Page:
• Poor single leg control
case study 2 cont
Case Study 2 cont.
  • Management:
    • 4 Months out of playing to rehab dislocated shoulder
    • Concurrently worked on flexibility, control, stability and spinal movements
  • Outcome:
    • Returned to full training and competition
    • No recurrence of shoulder problems
    • Maintained flexibility and spinal movement
    • Reports that movement control has contributed significantly to his game.
case study 3
Case Study 3
  • Screening Results:
    • Very poor kyphosed posture
    • Reduced flexibility
    • Longstanding quadriceps injury for 6 months that has not improved despite treatment
    • Continuing to play
case study 3 cont
Case Study 3 cont.
  • Management:
    • Cessation of playing
    • Treatment of injury
    • Advanced rehabilitation programme
    • Work on flexibility and control
  • Outcome:
    • Return to playing
    • No further problems with quad
    • Improved flexibility and power generation
conclusion
Conclusion
  • In light of the theory of injury prevention, the significant incidence of intrinsic risk factors in conjunction with numerous extrinsic factors (such as training volume and practices), the GAA squad presents as a High Risk Population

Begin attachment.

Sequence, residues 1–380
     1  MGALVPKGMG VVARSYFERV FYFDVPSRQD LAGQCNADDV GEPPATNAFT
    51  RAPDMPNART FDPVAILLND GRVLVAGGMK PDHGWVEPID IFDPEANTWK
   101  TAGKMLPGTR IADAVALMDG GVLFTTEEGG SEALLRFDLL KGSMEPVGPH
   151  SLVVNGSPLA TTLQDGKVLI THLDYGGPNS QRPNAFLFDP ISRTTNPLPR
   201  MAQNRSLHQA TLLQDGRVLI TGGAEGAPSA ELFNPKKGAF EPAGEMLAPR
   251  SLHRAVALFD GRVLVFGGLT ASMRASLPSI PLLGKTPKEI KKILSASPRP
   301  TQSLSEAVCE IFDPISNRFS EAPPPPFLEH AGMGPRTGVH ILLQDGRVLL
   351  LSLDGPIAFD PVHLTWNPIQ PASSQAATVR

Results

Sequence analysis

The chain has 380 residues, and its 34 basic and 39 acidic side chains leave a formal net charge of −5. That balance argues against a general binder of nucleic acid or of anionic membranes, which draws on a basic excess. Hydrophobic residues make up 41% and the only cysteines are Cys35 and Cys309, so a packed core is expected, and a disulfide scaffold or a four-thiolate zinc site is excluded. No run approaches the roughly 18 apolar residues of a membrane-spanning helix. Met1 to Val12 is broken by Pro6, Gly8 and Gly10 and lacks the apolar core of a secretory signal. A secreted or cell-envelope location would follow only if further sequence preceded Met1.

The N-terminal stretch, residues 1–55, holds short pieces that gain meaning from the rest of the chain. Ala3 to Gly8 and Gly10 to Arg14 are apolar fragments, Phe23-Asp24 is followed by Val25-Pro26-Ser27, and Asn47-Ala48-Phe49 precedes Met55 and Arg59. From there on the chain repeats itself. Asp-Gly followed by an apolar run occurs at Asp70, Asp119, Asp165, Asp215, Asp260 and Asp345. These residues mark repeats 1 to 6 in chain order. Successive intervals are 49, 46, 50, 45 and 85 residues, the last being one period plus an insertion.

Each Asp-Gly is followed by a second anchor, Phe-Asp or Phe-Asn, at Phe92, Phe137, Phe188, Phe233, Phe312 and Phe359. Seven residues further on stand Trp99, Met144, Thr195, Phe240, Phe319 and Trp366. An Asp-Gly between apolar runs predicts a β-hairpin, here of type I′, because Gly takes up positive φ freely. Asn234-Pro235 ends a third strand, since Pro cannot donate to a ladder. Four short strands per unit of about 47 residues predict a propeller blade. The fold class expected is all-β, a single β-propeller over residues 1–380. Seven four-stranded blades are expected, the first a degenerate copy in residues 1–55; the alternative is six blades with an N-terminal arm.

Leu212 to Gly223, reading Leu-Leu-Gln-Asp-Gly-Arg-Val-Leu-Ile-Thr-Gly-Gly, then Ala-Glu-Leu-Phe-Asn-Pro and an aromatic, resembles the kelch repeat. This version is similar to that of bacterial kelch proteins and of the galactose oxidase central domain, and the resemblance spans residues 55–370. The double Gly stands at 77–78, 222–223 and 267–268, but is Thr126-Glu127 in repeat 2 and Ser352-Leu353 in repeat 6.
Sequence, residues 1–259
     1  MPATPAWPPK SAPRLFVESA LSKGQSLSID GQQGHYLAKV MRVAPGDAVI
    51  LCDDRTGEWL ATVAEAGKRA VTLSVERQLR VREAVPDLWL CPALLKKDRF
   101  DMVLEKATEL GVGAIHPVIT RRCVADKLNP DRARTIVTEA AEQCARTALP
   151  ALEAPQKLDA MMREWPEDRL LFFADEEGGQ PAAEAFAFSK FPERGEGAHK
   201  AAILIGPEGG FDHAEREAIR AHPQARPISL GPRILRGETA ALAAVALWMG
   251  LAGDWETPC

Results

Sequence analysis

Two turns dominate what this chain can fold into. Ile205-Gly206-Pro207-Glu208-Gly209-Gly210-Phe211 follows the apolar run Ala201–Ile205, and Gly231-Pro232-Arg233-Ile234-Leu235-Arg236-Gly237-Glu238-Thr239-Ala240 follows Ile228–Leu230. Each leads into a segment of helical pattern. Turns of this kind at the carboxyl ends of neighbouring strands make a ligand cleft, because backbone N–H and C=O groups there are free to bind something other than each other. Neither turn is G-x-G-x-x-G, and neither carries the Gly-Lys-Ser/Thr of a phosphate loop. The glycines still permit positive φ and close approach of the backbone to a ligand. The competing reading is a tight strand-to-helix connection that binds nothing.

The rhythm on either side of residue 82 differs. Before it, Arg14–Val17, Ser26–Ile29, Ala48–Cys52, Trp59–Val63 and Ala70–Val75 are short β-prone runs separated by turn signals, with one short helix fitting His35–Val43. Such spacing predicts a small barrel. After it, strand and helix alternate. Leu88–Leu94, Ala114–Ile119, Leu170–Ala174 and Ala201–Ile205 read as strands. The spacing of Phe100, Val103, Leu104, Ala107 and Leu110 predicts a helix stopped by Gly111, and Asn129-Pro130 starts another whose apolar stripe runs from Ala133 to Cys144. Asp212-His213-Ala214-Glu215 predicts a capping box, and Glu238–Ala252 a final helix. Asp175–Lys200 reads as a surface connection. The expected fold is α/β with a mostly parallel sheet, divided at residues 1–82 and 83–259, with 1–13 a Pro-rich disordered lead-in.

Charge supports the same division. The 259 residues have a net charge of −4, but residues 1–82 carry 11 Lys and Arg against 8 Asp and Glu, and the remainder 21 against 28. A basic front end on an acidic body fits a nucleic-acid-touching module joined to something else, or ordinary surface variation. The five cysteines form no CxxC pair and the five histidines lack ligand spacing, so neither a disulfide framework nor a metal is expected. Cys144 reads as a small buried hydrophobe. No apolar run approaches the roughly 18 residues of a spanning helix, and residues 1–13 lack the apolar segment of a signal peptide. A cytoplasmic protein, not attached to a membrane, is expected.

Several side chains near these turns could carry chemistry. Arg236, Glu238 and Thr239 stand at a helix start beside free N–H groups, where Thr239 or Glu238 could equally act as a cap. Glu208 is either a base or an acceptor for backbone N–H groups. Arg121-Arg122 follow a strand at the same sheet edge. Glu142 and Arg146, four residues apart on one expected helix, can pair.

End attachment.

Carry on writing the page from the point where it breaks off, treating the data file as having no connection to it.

how do we respond
How Do We Respond?
  • Strategies to reduce injury risk.
  • Assessment of training practices:
    • Content
    • Periodisation
    • Recovery
  • Emphasis on:
    • Technique
    • Postural alignment
    • Flexibility
    • Stability
    • Adequate treatment and rehabilitation of injuries
    • Prehabilitation
training program
Training program
  • Three types of exercises with progression:
    • Floor
    • Airex balance mat
    • Wobble board
  • 5 weeks 2-4 x each week
  • Maintenance 1 x weekly during the season

Myklebust et al. Clin J Sport Med 13: 71-78, 2003

slide42

Week 1

Week 4

Week 2

Week 5

slide43

00-01

98-99

99-00

P=0.15 vs. 98-99

P=0.06 vs. 98-99

Myklebust et al. Clin J Sport Med 13: 71-78, 2003

recommendations
Recommendations
  • Change training practices:
    • Volume*
    • Content
    • Periodisation
    • Recovery
  • Emphasis on:
    • Technique
    • Postural alignment
    • Flexibility
    • Stability
    • Adequate treatment and rehabilitation of injuries
    • Prehabilitation
ad